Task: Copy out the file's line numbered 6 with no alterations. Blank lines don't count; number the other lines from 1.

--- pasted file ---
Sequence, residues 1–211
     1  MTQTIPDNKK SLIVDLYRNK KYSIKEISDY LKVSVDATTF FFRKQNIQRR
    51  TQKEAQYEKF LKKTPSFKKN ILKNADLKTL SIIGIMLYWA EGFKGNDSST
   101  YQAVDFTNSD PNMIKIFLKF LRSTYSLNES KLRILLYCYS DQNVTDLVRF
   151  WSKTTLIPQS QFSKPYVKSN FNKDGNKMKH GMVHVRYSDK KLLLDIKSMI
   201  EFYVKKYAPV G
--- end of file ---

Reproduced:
   201  EFYVKKYAPV G